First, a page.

Cypress Semiconductors has agreed to buy Broadcom Limited's wireless Internet of Things business for $550 million, further pushing its integrated chipsets into things like wireless sensors, smart home devices, and industrial equipment.
Under the terms of the deal, Cypress will absorb Broadcom’s Wi-Fi, Bluetooth, and ZigBee products and intellectual property. The company will also acquire the WICED developer platform, a software development kit for building internet-connected sensors. Cypress is planning to target Broadcom chips mainly at consumer electronics and connected and autonomous vehicles, the company said.
T.J. Rodgers, chief executive of Cypress, stressed that the deal would enable the development of end-to-end embedded systems. Along with the announcement, Cypress outlined plans to combine the new wireless chips with its low-power programmable chips and microcontrollers, which are already used in consumer electronics and automobiles.
“With our IoT connectivity products, Cypress will be able to provide the connectivity; the MCU, system-on-chip, module and memory technologies; and the mature developer ecosystem,” Stephen DiFranco, Broadcom’s IoT general manager, said in a statement.
Broadcom’s wireless IoT products were only a drop in the bucket of the company's entire business over the last year. Those products earned only $189 million in revenue during that time, according to the company's financial results. Once the deal has closed, Broadcom will have further trimmed down its encyclopedia of products, formed after the merger with Avago Technologies last year.
Broadcom said in a statement that it would continue making wireless chips for markets unrelated to the Internet of Things, including set-top boxes, wireless equipment, laptops, and smartphones. The deal, which has been approved by both Cypress and Broadcom boards, is expected to close in the third quarter of 2016.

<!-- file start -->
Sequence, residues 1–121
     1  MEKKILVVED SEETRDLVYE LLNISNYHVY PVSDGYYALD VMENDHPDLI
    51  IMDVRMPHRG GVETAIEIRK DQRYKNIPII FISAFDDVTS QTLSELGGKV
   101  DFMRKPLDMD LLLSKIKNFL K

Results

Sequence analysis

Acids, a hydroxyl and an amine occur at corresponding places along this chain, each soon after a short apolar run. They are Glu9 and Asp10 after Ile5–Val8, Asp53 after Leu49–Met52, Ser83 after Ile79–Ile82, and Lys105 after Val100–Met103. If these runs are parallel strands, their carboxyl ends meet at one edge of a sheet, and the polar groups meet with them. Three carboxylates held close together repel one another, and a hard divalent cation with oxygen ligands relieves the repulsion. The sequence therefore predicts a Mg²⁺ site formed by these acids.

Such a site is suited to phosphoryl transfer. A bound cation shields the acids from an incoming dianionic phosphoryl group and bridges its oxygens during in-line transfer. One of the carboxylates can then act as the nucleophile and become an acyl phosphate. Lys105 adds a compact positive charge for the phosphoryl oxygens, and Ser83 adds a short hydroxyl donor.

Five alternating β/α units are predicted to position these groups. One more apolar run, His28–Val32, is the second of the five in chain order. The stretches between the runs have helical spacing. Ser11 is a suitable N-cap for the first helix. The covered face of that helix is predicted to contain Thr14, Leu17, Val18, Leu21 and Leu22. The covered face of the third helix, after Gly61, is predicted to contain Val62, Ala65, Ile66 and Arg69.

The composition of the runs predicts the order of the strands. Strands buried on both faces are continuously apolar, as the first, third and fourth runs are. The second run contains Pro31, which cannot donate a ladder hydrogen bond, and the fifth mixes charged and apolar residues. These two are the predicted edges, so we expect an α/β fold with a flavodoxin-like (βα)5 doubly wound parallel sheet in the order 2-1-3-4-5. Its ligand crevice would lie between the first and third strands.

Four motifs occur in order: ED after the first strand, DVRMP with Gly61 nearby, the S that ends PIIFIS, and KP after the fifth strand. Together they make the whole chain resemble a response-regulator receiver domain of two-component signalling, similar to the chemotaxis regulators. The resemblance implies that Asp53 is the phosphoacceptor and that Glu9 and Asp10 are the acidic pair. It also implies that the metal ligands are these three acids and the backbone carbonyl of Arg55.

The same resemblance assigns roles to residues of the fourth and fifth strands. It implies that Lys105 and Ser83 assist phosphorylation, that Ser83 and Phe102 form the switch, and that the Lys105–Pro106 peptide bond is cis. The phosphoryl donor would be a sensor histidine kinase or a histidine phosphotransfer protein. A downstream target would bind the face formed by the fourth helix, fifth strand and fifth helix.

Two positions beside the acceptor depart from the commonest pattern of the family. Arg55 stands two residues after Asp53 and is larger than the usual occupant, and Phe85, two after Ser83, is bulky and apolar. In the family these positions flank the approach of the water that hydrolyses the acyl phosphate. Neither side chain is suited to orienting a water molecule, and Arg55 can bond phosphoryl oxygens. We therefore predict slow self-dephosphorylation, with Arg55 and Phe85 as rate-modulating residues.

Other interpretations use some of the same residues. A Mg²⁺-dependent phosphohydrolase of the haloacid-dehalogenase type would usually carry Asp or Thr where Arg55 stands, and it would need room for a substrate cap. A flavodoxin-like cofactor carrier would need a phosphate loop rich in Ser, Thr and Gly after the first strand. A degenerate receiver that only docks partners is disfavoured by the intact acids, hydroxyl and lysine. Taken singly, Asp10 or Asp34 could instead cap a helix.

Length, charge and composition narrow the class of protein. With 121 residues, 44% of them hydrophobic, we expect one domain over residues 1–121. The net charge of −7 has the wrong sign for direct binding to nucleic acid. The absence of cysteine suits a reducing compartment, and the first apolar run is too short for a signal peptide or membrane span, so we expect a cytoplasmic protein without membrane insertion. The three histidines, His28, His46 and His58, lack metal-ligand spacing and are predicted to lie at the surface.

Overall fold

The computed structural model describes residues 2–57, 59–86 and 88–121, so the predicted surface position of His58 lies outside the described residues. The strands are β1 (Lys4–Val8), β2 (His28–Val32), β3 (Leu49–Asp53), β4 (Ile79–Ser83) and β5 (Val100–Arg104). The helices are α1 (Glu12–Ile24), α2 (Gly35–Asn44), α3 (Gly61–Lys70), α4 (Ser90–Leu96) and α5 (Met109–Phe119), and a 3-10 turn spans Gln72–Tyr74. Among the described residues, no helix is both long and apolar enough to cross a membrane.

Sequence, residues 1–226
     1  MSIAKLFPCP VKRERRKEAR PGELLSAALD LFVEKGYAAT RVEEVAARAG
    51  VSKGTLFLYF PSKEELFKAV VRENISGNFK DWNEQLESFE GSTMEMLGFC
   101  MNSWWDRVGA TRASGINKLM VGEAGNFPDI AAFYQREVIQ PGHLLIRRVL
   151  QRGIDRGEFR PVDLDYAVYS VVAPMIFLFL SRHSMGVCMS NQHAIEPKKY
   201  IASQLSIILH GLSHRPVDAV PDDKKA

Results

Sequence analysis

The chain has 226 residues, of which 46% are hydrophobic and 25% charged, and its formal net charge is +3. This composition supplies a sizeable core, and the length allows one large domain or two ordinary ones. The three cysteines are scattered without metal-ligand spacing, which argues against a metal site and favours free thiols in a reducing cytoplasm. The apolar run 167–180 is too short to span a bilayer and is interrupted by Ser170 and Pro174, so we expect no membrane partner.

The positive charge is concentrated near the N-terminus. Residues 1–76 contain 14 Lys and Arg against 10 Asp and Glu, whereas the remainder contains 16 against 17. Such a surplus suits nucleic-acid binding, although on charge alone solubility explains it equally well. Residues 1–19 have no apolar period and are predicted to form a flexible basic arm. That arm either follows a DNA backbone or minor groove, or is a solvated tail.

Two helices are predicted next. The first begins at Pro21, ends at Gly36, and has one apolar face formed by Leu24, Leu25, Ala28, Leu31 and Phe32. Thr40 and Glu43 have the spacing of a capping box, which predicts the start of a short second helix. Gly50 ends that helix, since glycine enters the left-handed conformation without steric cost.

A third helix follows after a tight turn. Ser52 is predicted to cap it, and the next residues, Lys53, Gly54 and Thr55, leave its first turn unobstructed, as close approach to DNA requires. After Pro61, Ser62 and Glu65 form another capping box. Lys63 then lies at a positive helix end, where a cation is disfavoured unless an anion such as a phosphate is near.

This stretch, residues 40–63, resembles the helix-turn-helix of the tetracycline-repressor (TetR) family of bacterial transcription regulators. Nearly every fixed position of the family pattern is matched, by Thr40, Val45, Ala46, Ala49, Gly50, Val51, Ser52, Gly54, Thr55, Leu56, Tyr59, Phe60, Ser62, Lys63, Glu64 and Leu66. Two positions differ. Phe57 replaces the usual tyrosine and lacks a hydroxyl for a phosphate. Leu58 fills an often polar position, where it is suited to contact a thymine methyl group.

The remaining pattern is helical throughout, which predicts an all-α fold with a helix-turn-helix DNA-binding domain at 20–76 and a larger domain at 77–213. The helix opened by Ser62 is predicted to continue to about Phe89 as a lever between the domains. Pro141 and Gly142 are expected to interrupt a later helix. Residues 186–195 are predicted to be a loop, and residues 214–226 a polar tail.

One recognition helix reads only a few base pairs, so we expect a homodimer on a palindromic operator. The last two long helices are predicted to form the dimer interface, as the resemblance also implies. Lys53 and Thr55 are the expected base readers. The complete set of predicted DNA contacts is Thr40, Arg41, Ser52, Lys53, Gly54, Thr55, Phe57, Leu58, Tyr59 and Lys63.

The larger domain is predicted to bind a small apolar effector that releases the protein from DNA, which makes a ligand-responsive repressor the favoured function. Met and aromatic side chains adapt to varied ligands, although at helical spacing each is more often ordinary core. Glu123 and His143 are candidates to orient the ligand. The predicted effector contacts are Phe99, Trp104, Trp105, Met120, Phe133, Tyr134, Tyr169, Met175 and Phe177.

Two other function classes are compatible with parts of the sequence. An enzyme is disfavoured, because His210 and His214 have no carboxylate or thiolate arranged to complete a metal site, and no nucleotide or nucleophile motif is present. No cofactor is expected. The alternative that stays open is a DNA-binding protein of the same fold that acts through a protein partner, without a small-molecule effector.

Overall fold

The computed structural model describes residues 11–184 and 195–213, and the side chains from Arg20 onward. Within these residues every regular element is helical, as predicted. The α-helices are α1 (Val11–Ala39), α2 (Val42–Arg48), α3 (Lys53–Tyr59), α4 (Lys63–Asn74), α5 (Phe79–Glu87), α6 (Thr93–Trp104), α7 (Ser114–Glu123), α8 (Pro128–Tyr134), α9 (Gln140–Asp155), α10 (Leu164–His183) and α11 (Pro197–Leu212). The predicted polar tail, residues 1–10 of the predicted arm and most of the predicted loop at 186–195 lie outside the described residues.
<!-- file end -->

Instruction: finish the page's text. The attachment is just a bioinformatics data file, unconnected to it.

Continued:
The agreement came on the heels of Cypress’s first quarter earnings results. The company reported revenues of $425.2 million on $0.07 earnings per share, a decline of 6.8% from last quarter. In recent months, the company has been running wafer production lines slower than actual demand in an attempt to burn off excess inventory. It has also struggled to integrate several new manufacturing plants acquired from Fujitsu, the company said.
Since the company merged with Spansion last year, Cypress has introduced two new 40-nm, ARM-based microcontrollers, one designed for automobiles and the other for cheap, high-volume consumer electronics. Over the last year, the company has introduced 2,472 new products, most of which are automotive and industrial versions of 44 new chip lines.
Coinciding with the Broadcom deal was the announcement that Rodgers would step down as Cypress's chief executive after 34 years in the position. Rodgers, who founded the company in 1982, will remain on Cypress’s board of directors and lead several technical projects. The company said it would begin an internal and external search for his replacement.
“I have always planned not to be spending most of my time in the last decade of my career immersed in the details of the operations,” he said in a statement. “And, to be completely candid, the board and even the executive staff have urged me to bring new blood into operations.”
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